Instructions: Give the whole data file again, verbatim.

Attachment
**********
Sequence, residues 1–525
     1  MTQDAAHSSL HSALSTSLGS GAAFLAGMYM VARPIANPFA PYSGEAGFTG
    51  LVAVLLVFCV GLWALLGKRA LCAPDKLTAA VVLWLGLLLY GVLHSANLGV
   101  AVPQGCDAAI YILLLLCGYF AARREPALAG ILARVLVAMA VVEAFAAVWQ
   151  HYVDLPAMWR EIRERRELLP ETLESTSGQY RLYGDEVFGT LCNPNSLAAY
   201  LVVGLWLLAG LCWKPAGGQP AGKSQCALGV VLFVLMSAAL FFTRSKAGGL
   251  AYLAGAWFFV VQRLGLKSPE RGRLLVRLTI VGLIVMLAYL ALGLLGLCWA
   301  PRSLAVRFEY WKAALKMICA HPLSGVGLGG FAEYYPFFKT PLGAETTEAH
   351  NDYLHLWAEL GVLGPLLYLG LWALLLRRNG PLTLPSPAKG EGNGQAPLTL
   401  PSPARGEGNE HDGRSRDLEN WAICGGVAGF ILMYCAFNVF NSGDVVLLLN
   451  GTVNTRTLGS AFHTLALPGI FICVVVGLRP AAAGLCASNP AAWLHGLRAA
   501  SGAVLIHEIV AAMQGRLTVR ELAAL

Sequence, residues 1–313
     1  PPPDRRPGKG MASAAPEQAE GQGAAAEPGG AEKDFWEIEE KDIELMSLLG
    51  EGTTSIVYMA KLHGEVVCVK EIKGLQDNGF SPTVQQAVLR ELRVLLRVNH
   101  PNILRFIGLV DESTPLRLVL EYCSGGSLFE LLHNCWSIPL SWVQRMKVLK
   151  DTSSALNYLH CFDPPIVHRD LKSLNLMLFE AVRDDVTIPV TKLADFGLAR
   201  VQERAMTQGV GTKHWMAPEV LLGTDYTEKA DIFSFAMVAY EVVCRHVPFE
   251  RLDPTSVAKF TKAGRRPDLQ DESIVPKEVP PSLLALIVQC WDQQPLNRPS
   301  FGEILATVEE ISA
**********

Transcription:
Sequence, residues 1–525
     1  MTQDAAHSSL HSALSTSLGS GAAFLAGMYM VARPIANPFA PYSGEAGFTG
    51  LVAVLLVFCV GLWALLGKRA LCAPDKLTAA VVLWLGLLLY GVLHSANLGV
   101  AVPQGCDAAI YILLLLCGYF AARREPALAG ILARVLVAMA VVEAFAAVWQ
   151  HYVDLPAMWR EIRERRELLP ETLESTSGQY RLYGDEVFGT LCNPNSLAAY
   201  LVVGLWLLAG LCWKPAGGQP AGKSQCALGV VLFVLMSAAL FFTRSKAGGL
   251  AYLAGAWFFV VQRLGLKSPE RGRLLVRLTI VGLIVMLAYL ALGLLGLCWA
   301  PRSLAVRFEY WKAALKMICA HPLSGVGLGG FAEYYPFFKT PLGAETTEAH
   351  NDYLHLWAEL GVLGPLLYLG LWALLLRRNG PLTLPSPAKG EGNGQAPLTL
   401  PSPARGEGNE HDGRSRDLEN WAICGGVAGF ILMYCAFNVF NSGDVVLLLN
   451  GTVNTRTLGS AFHTLALPGI FICVVVGLRP AAAGLCASNP AAWLHGLRAA
   501  SGAVLIHEIV AAMQGRLTVR ELAAL

Sequence, residues 1–313
     1  PPPDRRPGKG MASAAPEQAE GQGAAAEPGG AEKDFWEIEE KDIELMSLLG
    51  EGTTSIVYMA KLHGEVVCVK EIKGLQDNGF SPTVQQAVLR ELRVLLRVNH
   101  PNILRFIGLV DESTPLRLVL EYCSGGSLFE LLHNCWSIPL SWVQRMKVLK
   151  DTSSALNYLH CFDPPIVHRD LKSLNLMLFE AVRDDVTIPV TKLADFGLAR
   201  VQERAMTQGV GTKHWMAPEV LLGTDYTEKA DIFSFAMVAY EVVCRHVPFE
   251  RLDPTSVAKF TKAGRRPDLQ DESIVPKEVP PSLLALIVQC WDQQPLNRPS
   301  FGEILATVEE ISA